Monday, October 18, 2010

UAE Court Ruling States Men Can Beat Wives And Kids

Domestic violence is a chronic, prevalent problem worldwide and something that should be strongly condemned and prosecuted, and yet women (and some men) wind up killed because rarely is anything done about it. Restraining orders can only go so far, but if a man is intent on killing his wife he will find a way, and it often starts with simple beatings that lead to uncontrollable rage and the desire to permanently harm the spouse. There are no justifiable reasons to ever beat your partner, but in Islam this is actually encouraged by some. Yes, I know there are clerics who like to use the whole toothbrush analogy, but sorry, I don't buy it. Never is it okay to hit your wife, and there is something fundamentally wrong with any religion that condones it, in this day and age.

And yet, the United Arab Emirates has just now ruled that it's perfectly okay (in fact it's a right) for husbands to beat their wives and kids- on one condition - there should be no visible, physical marks. In other words- go ahead men beat the women in your lives as long as you don't bruise them. What is most stupefying is the fact that this is applicable only to the female members of the household. Of course, there's that needed reconciliation attempt before the beating, but if that fails, knock her flat, just don't break her teeth.

The UAE can thank Judge Falah al Hajeri for this latest act of male chauvinism.

The judgment was made by one of the UAE’s most senior judges, Chief Justic Falah al Hajeri, who made the ruling in the case of a man fined £85 for slapping his wife and kicking his daughter.

The Emirati man in the case was found guilty of slapping his wife so hard he damaged her bottom lip and teeth.

He also slapped and kicked his 23-year-old daughter so that she suffered bruises on her hand and knee.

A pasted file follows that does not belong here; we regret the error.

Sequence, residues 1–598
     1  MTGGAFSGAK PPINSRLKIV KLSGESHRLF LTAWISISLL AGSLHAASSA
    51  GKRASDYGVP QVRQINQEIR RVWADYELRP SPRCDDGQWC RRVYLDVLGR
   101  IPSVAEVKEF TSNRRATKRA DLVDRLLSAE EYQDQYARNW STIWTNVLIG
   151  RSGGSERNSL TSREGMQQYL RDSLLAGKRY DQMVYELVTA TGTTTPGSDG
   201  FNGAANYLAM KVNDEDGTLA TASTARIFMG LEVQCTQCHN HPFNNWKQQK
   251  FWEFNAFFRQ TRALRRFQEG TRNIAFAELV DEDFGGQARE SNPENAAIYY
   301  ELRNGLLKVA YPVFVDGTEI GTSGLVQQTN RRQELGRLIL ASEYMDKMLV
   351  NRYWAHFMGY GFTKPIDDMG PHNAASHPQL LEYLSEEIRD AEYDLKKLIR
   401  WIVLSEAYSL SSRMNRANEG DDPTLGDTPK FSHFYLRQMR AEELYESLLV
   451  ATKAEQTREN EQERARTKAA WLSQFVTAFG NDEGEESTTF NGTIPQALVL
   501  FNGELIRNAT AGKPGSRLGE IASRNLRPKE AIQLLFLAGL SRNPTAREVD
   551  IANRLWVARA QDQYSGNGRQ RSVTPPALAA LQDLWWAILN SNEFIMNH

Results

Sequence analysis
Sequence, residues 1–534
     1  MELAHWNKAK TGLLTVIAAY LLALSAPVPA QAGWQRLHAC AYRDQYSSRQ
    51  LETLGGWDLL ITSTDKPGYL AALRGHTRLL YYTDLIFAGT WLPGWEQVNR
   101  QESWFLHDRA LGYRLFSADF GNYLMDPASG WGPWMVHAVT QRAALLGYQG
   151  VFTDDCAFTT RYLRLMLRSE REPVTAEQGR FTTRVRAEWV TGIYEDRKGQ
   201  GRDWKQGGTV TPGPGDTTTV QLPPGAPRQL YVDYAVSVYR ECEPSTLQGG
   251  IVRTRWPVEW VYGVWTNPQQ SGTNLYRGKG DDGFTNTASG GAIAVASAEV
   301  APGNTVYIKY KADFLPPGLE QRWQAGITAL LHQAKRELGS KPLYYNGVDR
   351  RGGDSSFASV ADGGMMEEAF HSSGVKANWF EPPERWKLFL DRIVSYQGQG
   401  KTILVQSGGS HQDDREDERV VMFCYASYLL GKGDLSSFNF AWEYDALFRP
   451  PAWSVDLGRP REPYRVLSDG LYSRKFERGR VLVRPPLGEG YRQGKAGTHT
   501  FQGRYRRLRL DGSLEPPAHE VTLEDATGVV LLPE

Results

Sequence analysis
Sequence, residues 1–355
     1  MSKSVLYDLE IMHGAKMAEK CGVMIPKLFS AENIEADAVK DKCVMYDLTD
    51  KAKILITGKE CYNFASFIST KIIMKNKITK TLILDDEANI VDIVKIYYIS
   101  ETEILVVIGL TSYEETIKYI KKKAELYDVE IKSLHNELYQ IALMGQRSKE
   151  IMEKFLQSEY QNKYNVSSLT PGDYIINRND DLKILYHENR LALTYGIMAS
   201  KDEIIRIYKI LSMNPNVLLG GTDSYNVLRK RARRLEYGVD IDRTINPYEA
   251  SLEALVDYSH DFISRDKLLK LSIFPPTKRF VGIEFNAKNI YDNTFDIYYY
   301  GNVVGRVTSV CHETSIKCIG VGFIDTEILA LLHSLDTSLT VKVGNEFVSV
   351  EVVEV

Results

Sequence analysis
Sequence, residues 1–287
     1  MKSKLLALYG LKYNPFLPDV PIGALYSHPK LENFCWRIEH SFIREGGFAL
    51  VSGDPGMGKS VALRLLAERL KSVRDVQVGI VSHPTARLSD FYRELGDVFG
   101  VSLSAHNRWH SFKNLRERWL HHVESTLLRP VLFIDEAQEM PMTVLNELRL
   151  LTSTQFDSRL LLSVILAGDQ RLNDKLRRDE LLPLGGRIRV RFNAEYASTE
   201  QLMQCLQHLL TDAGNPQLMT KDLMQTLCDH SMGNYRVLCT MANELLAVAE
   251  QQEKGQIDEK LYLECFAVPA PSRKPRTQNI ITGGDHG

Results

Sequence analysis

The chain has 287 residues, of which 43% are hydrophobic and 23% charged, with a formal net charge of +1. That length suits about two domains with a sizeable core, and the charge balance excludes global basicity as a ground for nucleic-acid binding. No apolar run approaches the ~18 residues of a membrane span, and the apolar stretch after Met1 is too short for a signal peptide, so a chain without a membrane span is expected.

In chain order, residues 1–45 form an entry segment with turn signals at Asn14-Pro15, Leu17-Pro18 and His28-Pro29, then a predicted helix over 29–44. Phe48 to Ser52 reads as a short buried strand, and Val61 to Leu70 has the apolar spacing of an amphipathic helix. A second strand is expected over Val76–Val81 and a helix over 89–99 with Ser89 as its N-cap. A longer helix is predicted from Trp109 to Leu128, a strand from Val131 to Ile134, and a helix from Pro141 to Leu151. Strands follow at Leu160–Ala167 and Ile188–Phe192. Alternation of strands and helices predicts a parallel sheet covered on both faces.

While the defendant, who has not been named, initially claimed he hit the two women only by accident, he was found guilty of assault.

However, he appealed, claiming that even if he had intended to strike his wife and daughter, under Shariah law he had the right to do so if he had first exhausted all other ways of resolving the dispute.

Chief Justice Falah al Hajeri said: 'Although the law permits the husband to use his right to discipline, he has to abide by the limits of this right.

'If the husband abuses this right to discipline, he cannot be exempted from punishment.'
Mr al Hajeri went on to explain that one of the ways of determining whether a man had breached this limit was to look for physical traces of beating.

Typical classic denial- not intending to hit the wife. These kind of abusive men love to blame the victim, as well as claiming it was the woman's fault. And if he has the right to do it under Shariah law, then Shariah law needs to be dumped or evolve. Women are not the property of men, and they are certainly not children in need of discipline.

There have been some enlightened souls in the Arab world who balked at the ruling, but others who see it as a "real-life compromise"

...between the competing demands of the petro-state’s highly Westernised population and its conservative Muslim heritage.

There should never be any compromise when it comes to domestic violence, I don't care whose religion thinks it's peachy keen to beat a wife.

The Qu'ran mentions something about the right of men to discipline their wives, and that particular verse has often been open to interpretation. Islamic scholars have been battling over that for a very long time. The following two men represent both sides of the argument.

Jihad Hashim Brown, the head of research at the Islamic think tank the Tabah Foundation said beating one’s wife was in conflict most Islamic texts, which encourage Muslims to treat their wives in 'love and kindness'.

He said a Quranic verse might appear to allow certain things but if the verse was not 'clear and concise', it should not enter courts of law.

However, Dr Ahmed al Kubaisi, head of Sharia Studies at Iraq’s Baghdad University, said that under Sharia law beating one’s wife was an option to prevent the breakdown of the family.

He said it should be used only as a substitute to resorting to the police. 'If a wife committed something wrong, a husband can report her to police,' Dr al Kubaisi said.

'But sometimes she does not do a serious thing or he does not want to let others know; when it is not good for the family. In this case, hitting is a better option.'

And what about when a man does something wrong, is the wife allowed to deck him, as long as she leaves no marks? She should!

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